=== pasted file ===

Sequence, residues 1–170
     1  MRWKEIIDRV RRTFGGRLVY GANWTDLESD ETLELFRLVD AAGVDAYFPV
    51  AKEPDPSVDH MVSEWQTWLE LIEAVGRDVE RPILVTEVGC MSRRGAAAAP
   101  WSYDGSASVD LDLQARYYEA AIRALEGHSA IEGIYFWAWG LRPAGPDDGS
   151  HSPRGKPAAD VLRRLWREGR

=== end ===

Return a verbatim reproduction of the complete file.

Sequence, residues 1–170
     1  MRWKEIIDRV RRTFGGRLVY GANWTDLESD ETLELFRLVD AAGVDAYFPV
    51  AKEPDPSVDH MVSEWQTWLE LIEAVGRDVE RPILVTEVGC MSRRGAAAAP
   101  WSYDGSASVD LDLQARYYEA AIRALEGHSA IEGIYFWAWG LRPAGPDDGS
   151  HSPRGKPAAD VLRRLWREGR